The youngster who threw hay on her home ranch in the Santa Cruz Mountains and ran tight spirals in a Powder Puff high school football game in California, now enjoys riding swiftly on the trails.
Linda Imonti, managing principal of KPMG’s Chicago office, grips an ATV’s handlebars and attacks the tough terrain of trails in South Dakota’s Black Hills and also gets a kick out of schussing slopes in Colorado.
“Lots of dirt, lots of dust,” Imonti says of the grime she and her family—husband Dave Way and their daughter, a student and longtime equestrian Kayla—faced on off-road bikes in the Mount Rushmore State during their bumpy, twisting, thrill-a-second Fourth of July weekend this year.
Imonti’s life, in a trio of words: lots of firsts. First female managing principal of KPMG Chicago; first woman (and youngest employee) to make partner in consulting at the accounting and advisory firm Grant Thornton; first full-time student at San Francisco State University to launch a bookkeeping business and sell it three years after graduating; and, presumably, first fifth-grader to form girls basketball and baseball teams because none had existed at her small, rural grade school in Santa Cruz County. Imonti and her teammates dribbled deftly in the winter and ran the bases in the spring versus other park district teams.
Imonti sits still as often as a crocodile flies. “I work out religiously, at least four times a week,” says Imonti, who has been at KPMG— one of the world’s leading professional services firms, providing innovative business solutions and audit, tax, and advisory services to many of the world’s largest and most prestigious organizations— since 2006, and oversees a small village (more than 2,600) of partners and professionals at the Swiss cooperative’s Chicago location.
“Staying active,” Imonti adds, “keeps me balanced and gives me energy.”
But years ago Imonti was sitting down, at lunch, when her response to one of her lunchmate’s comments revealed all you’ll ever need to know about Imonti’s sound, selfless leadership style. Imonti had just been promoted to partner—without having served a minute as a senior manager, the title most attain before becoming partner—at Grant Thornton.
“One of the first things she said to me was, ‘You’re so lucky, Linda; you now get to be a boss,’” Imonti recounts. “I then told her, ‘I don’t look at it that way, and I never will. When you’re a partner, every day is about everybody else.’ I’m all about enabling folks around me to be the best they can be, or maybe even surpass their expectations of themselves. People, I’ve learned, are capable of so much more than they believe they are.”
“What’s most rewarding for me at KPMG is watching another grow in their career. Nothing excites me more than when someone finds their passion at work, accomplishes things, and gets promoted. Seeing their excitement, it’s the best, and it energizes me. We are focused on people and clients first at KPMG; our organization is structured around that.”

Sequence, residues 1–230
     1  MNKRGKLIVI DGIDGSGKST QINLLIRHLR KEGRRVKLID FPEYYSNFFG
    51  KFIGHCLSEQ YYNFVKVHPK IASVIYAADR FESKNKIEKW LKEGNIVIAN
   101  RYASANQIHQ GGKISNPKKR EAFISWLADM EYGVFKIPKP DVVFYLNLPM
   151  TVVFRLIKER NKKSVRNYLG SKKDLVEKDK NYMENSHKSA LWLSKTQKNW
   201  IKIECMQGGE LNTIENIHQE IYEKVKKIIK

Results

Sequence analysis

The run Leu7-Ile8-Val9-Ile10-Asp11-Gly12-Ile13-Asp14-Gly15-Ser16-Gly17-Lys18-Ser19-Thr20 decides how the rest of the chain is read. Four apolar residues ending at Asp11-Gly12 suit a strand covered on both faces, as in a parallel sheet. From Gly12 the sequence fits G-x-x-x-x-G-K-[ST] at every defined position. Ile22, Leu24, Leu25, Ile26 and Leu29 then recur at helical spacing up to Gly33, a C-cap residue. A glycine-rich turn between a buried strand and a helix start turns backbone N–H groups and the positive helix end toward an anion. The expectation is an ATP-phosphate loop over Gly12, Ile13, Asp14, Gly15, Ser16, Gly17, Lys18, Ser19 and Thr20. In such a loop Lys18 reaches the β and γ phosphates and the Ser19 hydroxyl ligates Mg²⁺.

Elected to KPMG’s Board of Directors in 2015, Imonti chaired the American Heart Association’s 38th Annual Heart Ball in June, a virtual event that raised more than $2.3 million. She’s also proud of her company’s commitment to eradicate childhood illiteracy through KPMG’s Family for Literacy (KFFL). Put books in little hands, watch opportunities swell. KPMG also has partnered with United Way of Metro Chicago to augment the nonprofit’s COVID-19 Response Fund and support the agencies tasked with ensuring Chicagoans’ access to basic needs in times of crisis.
A college-aged Imonti averted calamity—hunger—by selling her accounting acumen to small businesses. Her company, Good Balance, grew steadily to the point where she had to hire five bookkeepers. Imonti hit the textbooks, too, though she did not have to take Grit 101 or Intro to Tenacity. She had acquired those invaluable traits, tuition-free, from her father, Dominic.
“I loved bookkeeping at an early age. Accounting, it all made sense to me. Numbers have always been either right or wrong. What I love now is a combination of accounting and technology. I didn’t sleep a lot in college. I spent most of my time either studying or working. I didn’t get the true college experience,” Imonti shares.
The former high school sprinter dashed to sustained professional success after her San Francisco State days. Today she’s a 30-year veteran of business consulting, having worked with clients to develop information-centric organizations by leveraging data for key insights and transformation.
Imonti, a North Shore resident since 2006, received a Women’s Leadership Award from Consulting Magazine, and Crain’s Chicago Business named her a Notable Woman Executive. The National Diversity Council included her on one of its Top 15 Business Women in Illinois honor rolls.
The most influential woman in Imonti’s life, from the time she first shook a baby rattle to the time she became adept at leading and coordinating multidisciplinary KPMG teams across the country and globally, was her mother, the late Jeannette Imonti. Jeannette’s parents, Virgil and Ellen Grimes, were deaf.
Jeannette signed before she uttered her very first syllable.
“My mom,” Linda says, “grew up in an era when deaf people were looked at and treated differently than they are today. She was kind, loving, accepting, and nonjudgmental. She was hardworking and liked to tell my siblings and me that our dreams should never have any boundaries.”
“She believed,” sums the tireless business leader and athlete, “that you should be true to yourself at all times.”